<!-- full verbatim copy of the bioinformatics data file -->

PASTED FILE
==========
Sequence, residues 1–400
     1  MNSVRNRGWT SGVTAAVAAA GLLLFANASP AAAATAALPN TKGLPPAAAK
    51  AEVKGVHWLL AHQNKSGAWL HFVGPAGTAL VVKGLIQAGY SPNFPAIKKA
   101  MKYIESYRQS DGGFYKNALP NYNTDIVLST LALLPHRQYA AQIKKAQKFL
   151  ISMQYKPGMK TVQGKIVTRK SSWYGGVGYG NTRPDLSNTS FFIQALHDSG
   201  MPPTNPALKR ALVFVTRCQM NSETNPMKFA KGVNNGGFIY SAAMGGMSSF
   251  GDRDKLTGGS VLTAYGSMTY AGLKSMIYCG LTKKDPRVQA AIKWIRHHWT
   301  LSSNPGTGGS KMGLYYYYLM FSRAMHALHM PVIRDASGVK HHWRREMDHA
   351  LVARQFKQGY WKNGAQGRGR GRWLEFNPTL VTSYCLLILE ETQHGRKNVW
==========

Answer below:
Sequence, residues 1–400
     1  MNSVRNRGWT SGVTAAVAAA GLLLFANASP AAAATAALPN TKGLPPAAAK
    51  AEVKGVHWLL AHQNKSGAWL HFVGPAGTAL VVKGLIQAGY SPNFPAIKKA
   101  MKYIESYRQS DGGFYKNALP NYNTDIVLST LALLPHRQYA AQIKKAQKFL
   151  ISMQYKPGMK TVQGKIVTRK SSWYGGVGYG NTRPDLSNTS FFIQALHDSG
   201  MPPTNPALKR ALVFVTRCQM NSETNPMKFA KGVNNGGFIY SAAMGGMSSF
   251  GDRDKLTGGS VLTAYGSMTY AGLKSMIYCG LTKKDPRVQA AIKWIRHHWT
   301  LSSNPGTGGS KMGLYYYYLM FSRAMHALHM PVIRDASGVK HHWRREMDHA
   351  LVARQFKQGY WKNGAQGRGR GRWLEFNPTL VTSYCLLILE ETQHGRKNVW